“This new site for the Center for Post-COVID Care is integrated within our large primary care clinic, allowing us to seamlessly integrate long COVID care within a familiar environment for patients and remove barriers to care frequently experienced by marginalized populations,” says Juan Wisnivesky, MD, DrPH, Drs. Richard and Mortimer Bader Professor of Medicine at Icahn Mount Sinai, a clinical epidemiologist who is one of the primary leads of the RECOVER adult cohort study at the Mount Sinai site and one of the project’s leaders. 

“Mount Sinai is proud to say we were first to recognize the immediate need for providing post-COVID care to patients experiencing long-term symptoms and we look forward to expanding access to care in Manhattan for this growing patient population,” says Zijian Chen, MD, Director of Mount Sinai’s Center for Post-COVID Care. “To date we have treated thousands of post-COVID patients and we continue to lead the way in understanding how symptoms evolve and how to treat them. We encourage those experiencing symptoms after COVID-19, including high-risk minority groups, to seek out care as we try to close a disparity gap.”

Mount Sinai’s Center for Post-COVID Care also has offices in the following locations:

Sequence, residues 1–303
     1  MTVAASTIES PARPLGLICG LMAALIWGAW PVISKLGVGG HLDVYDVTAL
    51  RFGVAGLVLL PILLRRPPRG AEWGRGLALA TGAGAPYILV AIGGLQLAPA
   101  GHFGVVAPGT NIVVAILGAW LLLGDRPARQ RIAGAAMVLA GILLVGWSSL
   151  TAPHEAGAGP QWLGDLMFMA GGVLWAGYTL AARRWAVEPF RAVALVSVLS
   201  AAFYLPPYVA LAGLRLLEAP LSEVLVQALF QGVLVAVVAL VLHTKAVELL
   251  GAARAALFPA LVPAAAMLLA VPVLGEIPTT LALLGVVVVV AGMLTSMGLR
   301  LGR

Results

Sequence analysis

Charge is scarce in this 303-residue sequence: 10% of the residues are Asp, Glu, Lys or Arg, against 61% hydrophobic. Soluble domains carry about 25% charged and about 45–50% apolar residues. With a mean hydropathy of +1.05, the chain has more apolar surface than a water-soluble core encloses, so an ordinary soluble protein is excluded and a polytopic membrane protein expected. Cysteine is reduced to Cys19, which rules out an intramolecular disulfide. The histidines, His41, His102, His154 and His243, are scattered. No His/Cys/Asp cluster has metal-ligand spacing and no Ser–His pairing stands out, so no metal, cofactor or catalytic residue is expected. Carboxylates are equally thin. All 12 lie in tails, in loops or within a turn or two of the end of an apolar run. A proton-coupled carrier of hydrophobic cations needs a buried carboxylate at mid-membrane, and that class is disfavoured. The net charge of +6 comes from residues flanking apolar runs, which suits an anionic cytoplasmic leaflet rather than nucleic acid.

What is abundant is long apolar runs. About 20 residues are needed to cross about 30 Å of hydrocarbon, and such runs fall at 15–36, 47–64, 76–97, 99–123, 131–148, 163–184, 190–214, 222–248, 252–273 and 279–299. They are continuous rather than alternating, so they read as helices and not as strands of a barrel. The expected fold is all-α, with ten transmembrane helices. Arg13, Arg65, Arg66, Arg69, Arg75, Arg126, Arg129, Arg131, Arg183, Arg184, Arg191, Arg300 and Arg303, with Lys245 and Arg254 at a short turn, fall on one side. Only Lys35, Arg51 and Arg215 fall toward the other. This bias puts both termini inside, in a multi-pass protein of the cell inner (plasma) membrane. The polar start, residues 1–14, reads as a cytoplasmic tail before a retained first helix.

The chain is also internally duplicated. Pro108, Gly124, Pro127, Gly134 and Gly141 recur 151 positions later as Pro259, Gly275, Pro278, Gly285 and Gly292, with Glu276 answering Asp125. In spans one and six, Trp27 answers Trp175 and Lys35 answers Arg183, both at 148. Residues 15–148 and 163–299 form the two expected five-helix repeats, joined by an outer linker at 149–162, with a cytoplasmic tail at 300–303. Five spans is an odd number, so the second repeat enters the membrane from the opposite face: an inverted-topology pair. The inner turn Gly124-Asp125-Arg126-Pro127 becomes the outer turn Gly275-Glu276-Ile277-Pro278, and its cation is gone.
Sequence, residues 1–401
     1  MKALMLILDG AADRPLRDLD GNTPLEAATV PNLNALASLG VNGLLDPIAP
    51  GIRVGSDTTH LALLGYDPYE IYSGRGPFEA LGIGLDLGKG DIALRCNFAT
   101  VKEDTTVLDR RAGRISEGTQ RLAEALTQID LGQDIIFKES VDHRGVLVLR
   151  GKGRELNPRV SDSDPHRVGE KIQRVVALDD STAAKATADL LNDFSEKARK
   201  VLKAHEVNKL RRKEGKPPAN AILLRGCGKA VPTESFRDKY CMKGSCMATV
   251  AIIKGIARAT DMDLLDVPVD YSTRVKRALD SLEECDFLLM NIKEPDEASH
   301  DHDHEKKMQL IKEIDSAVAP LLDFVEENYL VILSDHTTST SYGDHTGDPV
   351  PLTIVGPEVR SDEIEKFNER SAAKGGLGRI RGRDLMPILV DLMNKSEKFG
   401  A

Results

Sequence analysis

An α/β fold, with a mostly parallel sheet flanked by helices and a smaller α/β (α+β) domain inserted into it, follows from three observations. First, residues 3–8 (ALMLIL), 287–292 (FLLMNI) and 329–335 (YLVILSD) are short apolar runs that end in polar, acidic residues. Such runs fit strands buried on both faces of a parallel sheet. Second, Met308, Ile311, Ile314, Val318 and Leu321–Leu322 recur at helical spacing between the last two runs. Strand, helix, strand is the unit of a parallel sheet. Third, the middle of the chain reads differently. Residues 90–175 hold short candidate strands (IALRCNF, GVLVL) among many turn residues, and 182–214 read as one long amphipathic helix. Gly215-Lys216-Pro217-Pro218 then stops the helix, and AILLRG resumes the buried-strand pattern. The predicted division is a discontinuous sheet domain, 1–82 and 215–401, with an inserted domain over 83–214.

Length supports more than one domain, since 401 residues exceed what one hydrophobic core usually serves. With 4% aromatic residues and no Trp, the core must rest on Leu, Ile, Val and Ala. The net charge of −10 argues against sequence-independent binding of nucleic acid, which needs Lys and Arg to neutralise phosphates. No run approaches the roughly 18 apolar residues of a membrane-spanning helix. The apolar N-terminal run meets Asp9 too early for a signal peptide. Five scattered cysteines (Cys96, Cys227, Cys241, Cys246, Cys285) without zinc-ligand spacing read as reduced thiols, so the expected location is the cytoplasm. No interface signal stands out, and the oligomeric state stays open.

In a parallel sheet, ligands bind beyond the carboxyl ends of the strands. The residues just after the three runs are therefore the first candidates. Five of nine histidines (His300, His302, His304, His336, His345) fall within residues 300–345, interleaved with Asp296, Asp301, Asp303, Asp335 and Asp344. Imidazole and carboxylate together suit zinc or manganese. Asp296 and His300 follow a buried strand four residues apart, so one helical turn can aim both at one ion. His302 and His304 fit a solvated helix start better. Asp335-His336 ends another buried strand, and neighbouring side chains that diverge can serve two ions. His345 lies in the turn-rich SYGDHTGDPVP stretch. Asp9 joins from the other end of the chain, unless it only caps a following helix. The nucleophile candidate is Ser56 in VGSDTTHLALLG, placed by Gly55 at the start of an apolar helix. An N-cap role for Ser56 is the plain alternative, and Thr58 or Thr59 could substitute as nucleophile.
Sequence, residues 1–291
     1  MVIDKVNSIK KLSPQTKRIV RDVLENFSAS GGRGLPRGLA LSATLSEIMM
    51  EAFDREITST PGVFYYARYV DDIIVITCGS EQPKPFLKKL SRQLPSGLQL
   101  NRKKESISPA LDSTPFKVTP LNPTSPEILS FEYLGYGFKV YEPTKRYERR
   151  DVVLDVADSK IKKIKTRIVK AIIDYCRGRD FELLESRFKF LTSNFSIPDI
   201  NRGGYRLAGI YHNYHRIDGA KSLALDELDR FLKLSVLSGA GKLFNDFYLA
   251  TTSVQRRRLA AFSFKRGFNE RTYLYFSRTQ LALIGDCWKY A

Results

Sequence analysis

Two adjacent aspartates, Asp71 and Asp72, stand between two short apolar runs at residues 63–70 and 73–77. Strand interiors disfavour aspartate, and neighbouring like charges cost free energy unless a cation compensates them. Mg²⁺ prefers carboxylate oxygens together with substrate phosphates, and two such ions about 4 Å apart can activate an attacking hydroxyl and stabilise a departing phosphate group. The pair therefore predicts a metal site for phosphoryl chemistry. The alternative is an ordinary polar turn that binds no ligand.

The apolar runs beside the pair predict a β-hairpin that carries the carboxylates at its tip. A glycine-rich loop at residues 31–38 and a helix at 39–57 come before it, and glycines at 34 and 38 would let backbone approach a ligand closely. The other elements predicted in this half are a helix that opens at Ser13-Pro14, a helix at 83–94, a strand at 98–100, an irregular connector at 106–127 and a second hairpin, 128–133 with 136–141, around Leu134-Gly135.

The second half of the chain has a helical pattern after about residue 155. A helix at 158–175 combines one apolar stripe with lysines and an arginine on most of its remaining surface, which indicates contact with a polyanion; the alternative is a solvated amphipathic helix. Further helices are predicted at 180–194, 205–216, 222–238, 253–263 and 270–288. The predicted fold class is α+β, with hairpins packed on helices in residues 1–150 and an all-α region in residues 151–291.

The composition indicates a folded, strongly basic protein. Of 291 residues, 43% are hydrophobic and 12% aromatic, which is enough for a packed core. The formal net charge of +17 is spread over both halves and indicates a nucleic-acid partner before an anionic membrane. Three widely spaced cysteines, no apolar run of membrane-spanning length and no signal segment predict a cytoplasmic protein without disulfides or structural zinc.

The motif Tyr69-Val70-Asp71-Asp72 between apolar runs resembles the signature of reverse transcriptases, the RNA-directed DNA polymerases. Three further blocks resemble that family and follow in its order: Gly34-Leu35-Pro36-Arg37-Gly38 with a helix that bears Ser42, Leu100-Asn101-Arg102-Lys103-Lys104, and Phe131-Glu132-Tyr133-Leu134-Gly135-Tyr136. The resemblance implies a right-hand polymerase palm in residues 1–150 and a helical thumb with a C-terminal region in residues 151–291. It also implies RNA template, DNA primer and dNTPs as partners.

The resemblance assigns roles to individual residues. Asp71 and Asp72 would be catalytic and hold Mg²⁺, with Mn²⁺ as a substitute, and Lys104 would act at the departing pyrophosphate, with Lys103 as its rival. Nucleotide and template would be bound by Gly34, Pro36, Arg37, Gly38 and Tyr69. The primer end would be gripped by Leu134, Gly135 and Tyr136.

Mount Sinai-Union Square, 10 Union Square East, 2HJ  

Mount Sinai Doctors-Ansonia, 2109 Broadway at 74th Street

Mount Sinai-Internal Medicine Associates, 17 East 102nd Street, third floor 

Patients must be seen in person for initial appointments. For more information, click on the link below: 


About the Mount Sinai Health System

Mount Sinai Health System is one of the largest academic medical systems in the New York metro area, with 48,000 employees working across eight hospitals, more than 400 outpatient practices, more than 600 research and clinical labs, a school of nursing, and a leading school of medicine and graduate education. Mount Sinai advances health for all people, everywhere, by taking on the most complex health care challenges of our time—discovering and applying new scientific learning and knowledge; developing safer, more effective treatments; educating the next generation of medical leaders and innovators; and supporting local communities by delivering high-quality care to all who need it.

Through the integration of its hospitals, labs, and schools, Mount Sinai offers comprehensive health care solutions from birth through geriatrics, leveraging innovative approaches such as artificial intelligence and informatics while keeping patients’ medical and emotional needs at the center of all treatment. The Health System includes approximately 9,000 primary and specialty care physicians and 11 free-standing joint-venture centers throughout the five boroughs of New York City, Westchester, Long Island, and Florida. Hospitals within the System are consistently ranked by Newsweek’s® “The World’s Best Smart Hospitals, Best in State Hospitals, World Best Hospitals and Best Specialty Hospitals” and by U.S. News & World Report's® “Best Hospitals” and “Best Children’s Hospitals.” The Mount Sinai Hospital is on the U.S. News & World Report® “Best Hospitals” Honor Roll for 2024-2025.

For more information, visit https://www.mountsinai.org or find Mount Sinai on FacebookTwitter and YouTube.